ThReDS tackled two challenges: a) the computational extraction of representations of entities from raw text, concentrating on the small data issue; b) the theoretical account of how raw exposure to linguistic data (distributional semantics information) can shape the agent's representation of the world (their model-theoretic semantics).

Work performed from the beginning of the project to the end of the period covered by the report and main results achieved so far

As part of the project, I have released a piece of software called Nonce2Vec, which allows a computer to learn the meaning of a new word extremely rapidly, from one sentence of context only. This ability to learn from very small data is called 'fast-mapping' in psycholinguistics and is a noticeable mark of human intelligence. Nonce2Vec is a first approximation of this remarkable human trait. The software is accompanied by a publication available from the proceedings of the 2017 Conference on Empirical Methods in Natural Language Processing (EMNLP 2017).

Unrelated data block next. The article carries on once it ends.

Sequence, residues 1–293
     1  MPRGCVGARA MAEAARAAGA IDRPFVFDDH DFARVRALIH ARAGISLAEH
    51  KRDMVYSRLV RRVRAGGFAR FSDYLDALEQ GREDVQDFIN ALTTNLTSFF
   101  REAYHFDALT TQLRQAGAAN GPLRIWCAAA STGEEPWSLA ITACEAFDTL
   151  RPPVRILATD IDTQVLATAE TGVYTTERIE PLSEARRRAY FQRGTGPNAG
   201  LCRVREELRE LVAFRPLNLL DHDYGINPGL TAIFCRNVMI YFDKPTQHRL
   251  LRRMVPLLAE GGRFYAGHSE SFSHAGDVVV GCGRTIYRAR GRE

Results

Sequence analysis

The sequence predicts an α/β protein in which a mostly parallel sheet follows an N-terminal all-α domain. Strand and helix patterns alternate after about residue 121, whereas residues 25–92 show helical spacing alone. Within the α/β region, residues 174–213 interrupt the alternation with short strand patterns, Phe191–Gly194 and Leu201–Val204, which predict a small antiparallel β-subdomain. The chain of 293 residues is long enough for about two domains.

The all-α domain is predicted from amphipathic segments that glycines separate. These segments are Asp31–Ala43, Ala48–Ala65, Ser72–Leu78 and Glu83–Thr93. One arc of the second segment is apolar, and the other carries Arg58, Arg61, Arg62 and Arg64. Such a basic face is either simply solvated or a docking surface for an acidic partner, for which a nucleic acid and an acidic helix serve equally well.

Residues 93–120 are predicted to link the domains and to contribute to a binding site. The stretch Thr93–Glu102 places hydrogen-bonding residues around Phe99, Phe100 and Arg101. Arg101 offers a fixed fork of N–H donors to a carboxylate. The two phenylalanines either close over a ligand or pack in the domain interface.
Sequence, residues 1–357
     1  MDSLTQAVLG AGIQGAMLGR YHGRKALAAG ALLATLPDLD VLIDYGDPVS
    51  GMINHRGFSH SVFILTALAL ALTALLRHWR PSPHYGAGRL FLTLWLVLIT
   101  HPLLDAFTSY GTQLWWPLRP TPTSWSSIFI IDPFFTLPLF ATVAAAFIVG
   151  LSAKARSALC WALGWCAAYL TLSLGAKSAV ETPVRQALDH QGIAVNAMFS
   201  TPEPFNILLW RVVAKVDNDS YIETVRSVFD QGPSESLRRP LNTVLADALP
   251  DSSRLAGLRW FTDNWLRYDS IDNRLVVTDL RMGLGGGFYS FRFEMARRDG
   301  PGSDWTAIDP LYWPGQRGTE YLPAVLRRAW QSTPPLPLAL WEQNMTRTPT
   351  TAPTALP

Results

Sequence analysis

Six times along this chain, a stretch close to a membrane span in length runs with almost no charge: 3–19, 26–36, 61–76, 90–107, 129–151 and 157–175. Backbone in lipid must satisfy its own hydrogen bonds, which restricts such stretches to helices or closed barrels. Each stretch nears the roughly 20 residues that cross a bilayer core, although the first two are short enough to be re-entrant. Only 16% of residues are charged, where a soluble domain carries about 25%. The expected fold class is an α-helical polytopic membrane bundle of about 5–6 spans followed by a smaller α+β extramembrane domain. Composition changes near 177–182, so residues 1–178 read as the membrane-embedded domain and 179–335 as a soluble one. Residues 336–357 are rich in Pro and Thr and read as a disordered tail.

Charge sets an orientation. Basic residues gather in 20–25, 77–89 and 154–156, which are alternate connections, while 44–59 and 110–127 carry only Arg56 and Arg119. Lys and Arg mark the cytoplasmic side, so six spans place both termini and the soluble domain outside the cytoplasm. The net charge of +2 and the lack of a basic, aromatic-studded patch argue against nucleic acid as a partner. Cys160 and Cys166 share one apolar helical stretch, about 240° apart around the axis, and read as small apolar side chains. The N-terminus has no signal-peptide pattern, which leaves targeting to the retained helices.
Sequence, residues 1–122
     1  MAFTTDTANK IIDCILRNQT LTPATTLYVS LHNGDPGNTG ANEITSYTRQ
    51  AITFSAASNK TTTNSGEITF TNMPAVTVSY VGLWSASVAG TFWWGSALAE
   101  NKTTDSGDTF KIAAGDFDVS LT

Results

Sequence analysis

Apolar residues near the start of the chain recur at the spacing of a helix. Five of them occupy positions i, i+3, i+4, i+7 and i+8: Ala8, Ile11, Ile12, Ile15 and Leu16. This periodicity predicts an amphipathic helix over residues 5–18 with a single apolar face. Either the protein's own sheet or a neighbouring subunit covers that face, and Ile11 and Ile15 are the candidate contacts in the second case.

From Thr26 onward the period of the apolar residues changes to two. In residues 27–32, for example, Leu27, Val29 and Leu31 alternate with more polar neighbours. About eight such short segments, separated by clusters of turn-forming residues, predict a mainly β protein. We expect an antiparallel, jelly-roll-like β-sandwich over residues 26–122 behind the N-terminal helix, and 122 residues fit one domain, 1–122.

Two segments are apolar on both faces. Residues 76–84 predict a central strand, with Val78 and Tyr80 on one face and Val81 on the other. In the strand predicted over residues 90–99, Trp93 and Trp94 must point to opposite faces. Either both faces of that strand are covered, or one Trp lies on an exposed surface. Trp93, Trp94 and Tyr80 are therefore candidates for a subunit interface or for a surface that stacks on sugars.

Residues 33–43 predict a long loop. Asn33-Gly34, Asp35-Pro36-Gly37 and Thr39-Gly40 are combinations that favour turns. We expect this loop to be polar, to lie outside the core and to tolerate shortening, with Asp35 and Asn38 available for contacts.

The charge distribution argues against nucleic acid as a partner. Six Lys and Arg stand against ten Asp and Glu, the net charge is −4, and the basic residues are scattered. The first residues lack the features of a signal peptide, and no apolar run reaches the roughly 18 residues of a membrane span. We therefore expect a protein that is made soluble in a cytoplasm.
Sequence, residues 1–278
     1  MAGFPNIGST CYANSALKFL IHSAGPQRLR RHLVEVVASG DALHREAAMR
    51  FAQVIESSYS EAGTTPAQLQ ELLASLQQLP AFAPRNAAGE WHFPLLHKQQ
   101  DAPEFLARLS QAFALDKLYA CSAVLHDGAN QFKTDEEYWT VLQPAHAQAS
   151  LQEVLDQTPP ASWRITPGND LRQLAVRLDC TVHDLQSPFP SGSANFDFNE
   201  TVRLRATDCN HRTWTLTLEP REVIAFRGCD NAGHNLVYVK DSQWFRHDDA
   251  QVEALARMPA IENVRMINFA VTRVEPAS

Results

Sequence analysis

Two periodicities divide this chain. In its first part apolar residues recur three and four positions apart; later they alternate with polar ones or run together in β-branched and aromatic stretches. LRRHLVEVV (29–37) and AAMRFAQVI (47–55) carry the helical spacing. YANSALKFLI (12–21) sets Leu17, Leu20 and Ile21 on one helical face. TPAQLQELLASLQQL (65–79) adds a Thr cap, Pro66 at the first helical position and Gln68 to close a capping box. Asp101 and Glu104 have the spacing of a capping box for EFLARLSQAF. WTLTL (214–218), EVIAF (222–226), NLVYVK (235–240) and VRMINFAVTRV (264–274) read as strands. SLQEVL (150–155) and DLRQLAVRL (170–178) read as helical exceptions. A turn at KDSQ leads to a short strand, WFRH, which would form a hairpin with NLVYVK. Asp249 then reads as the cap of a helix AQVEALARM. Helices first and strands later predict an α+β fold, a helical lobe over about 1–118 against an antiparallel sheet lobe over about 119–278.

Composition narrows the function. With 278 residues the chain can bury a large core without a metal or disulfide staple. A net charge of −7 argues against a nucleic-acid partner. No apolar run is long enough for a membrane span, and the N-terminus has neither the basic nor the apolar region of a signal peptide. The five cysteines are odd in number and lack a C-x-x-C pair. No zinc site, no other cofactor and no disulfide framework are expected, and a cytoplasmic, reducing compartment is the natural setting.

Nonce2Vec is hoped to pave the way for extracting representations of single entities from text, as well as new concepts. To give an example, if a computer were to simulate a human reading the Harry Potter series, it should be able to very quickly learn who Harry or Hermione are, and to follow their development throughout the text, modifying its representation of the characters as it reads. It should similarly be able to learn new concepts like 'quidditch'. I have started setting up an experiment to test the ability of the software to acquire quality representations of individuals. This new experiment involves simulating the broad picture that a human might acquire of a person after reading a Wikipedia article about them. A balanced dataset of individuals has been produced, together with an experimental setup for eliciting individual properties from human subjects. This preliminary work will allow me to conduct a series of behavioural and computational experiments in the future.